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Junkyard ordinance revised

Junkyard ordinance revised Junkyard ordinance revised

A new amendment will have some property owners cleaning their yards. After getting complaints earlier in the year, a change has been made to Harrison County’s junkyard ordinance as a way to possibly address how some properties are viewed from the public.

According to county code, a junkyard is an area or structure where discarded used materials, waste or other organic matter is stored for salvage, reuse or resale. Junkyards can also include two or more unlicensed or inoperable vehicles.

Following the approval of the Harrison County Board of Commissioners in October, the junkyard ordinance now has an exemption for properties that store these items behind a property’s primary structure inside a fence. The area must be less than 600 square feet with a wood privacy fence that the public cannot see inside from the public roadway or neighboring properties.

The amendment applies to all properties that are not zoned as a junkyard.

“There are numerous properties throughout the county that have accumulated used items ranging from piles of 5-gallon buckets, old lawn mowers, aluminum cans, appliances, electronic devices, inoperable vehicles and garbage that are stored outdoors,” Eric Wise, Harrison County’s planner, said.

The Harrison County Plan Commission had a public hearing on the matter in early September. Wise said no one spoke during the public input, and the commission recommended the commissioners pass the amendment.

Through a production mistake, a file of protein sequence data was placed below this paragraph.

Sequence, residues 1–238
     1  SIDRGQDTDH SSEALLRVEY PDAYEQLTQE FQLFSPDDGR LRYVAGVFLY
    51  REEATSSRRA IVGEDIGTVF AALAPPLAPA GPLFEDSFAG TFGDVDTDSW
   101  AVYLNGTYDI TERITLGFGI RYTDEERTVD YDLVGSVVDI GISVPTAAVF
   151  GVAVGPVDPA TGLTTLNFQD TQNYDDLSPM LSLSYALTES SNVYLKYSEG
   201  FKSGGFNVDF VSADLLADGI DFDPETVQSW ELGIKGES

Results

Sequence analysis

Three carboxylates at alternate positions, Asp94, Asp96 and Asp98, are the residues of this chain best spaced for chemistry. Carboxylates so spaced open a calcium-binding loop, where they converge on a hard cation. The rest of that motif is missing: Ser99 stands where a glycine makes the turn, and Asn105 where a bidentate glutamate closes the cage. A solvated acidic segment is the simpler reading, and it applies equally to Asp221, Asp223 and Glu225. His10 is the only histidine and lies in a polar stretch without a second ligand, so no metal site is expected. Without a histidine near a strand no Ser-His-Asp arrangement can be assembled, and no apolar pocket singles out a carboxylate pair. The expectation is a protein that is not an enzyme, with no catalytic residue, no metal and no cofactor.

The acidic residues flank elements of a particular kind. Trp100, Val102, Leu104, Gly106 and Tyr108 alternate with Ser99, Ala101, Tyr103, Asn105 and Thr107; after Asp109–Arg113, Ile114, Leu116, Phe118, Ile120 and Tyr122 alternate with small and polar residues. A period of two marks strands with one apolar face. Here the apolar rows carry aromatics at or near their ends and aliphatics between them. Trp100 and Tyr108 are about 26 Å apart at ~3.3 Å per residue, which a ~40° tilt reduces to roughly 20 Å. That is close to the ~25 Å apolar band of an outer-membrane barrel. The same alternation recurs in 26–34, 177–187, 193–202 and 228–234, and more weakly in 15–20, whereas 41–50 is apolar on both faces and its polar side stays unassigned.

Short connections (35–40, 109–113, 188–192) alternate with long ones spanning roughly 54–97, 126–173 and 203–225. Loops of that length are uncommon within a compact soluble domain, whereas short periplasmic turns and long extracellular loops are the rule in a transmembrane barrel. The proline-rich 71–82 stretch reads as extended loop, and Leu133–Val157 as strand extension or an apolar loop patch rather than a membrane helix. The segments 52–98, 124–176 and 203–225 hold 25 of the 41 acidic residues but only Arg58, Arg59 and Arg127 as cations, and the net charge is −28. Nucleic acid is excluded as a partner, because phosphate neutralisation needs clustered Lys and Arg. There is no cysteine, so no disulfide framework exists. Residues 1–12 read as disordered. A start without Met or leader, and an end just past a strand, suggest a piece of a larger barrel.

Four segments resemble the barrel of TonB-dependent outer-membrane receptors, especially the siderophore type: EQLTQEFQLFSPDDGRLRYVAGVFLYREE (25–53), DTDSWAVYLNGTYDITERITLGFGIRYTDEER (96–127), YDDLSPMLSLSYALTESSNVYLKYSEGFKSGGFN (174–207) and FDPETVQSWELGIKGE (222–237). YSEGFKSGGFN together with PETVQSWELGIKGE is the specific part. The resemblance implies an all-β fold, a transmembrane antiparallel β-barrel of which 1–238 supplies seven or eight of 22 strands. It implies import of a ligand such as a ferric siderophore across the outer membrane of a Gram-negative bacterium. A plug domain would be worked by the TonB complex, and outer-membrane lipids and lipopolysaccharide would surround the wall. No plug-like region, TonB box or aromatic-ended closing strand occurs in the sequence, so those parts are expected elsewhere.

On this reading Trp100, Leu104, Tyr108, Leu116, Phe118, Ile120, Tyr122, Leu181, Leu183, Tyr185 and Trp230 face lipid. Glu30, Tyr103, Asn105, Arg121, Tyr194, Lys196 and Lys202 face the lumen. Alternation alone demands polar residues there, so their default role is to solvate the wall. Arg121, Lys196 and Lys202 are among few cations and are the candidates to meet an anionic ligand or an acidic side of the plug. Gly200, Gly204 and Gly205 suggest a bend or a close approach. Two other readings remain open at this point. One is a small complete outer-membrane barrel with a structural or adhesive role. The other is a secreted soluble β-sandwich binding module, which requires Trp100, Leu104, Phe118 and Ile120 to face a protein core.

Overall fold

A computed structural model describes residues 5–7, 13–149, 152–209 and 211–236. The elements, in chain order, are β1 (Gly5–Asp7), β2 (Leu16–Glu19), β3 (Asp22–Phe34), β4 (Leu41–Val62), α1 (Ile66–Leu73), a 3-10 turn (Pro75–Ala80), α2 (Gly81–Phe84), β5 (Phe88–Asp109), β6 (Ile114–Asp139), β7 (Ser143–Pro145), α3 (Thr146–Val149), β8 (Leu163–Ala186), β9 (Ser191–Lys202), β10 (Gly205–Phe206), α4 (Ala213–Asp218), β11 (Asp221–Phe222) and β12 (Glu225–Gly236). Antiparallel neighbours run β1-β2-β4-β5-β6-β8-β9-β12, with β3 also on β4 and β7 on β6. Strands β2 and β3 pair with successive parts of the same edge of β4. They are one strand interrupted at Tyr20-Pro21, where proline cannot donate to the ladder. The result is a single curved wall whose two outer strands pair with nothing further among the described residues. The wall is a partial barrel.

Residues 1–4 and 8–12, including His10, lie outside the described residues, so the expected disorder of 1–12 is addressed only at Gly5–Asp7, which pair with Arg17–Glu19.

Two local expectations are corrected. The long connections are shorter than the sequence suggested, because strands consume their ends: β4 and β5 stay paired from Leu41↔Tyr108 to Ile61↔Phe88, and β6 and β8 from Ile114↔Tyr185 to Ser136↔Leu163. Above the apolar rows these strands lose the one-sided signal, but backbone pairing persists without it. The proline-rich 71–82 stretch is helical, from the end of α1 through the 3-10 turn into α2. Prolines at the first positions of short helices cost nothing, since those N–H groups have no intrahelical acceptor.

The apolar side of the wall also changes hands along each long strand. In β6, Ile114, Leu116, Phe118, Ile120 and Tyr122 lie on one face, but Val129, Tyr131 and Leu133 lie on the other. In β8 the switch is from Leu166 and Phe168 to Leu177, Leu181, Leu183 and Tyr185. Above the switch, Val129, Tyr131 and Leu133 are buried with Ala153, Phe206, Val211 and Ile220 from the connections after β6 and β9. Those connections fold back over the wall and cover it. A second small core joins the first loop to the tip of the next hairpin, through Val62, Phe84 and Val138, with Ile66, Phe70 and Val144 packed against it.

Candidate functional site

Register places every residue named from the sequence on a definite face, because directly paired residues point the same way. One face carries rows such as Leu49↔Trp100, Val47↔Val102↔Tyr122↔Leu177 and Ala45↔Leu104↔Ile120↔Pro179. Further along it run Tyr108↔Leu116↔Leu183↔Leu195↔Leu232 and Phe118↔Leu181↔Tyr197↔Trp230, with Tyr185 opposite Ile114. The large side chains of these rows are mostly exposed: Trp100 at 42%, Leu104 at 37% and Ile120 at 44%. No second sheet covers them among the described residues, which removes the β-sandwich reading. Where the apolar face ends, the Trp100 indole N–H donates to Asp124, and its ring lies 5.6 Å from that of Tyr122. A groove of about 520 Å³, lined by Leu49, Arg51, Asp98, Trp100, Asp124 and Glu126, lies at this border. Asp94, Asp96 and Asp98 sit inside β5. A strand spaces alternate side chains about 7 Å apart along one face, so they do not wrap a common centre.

The commissioners approved the amendment, allowing properties that keep these items out of sight behind the home will no longer be deemed a junkyard or face possible citations and fines, during their second October meeting.

“Earlier this year, the a comment was made at a commissioners’ meeting that such sites are degrading the appearance of the county and, before the Plan Commission stepped up enforcement, it was considered appropriate to create a provision to allow a limited amount of such items to be stored in a manner that would create the least impact to surrounding properties and the community as a whole,” Wise said.

With the amendment in effect, Wise said warning letters could go out to offending properties during the next few months to give the property owners time to remove items or take the necessary steps to be exempt.

Properties that fail to meet the requirements of the exemption could face a $150 fine per day out of compliance.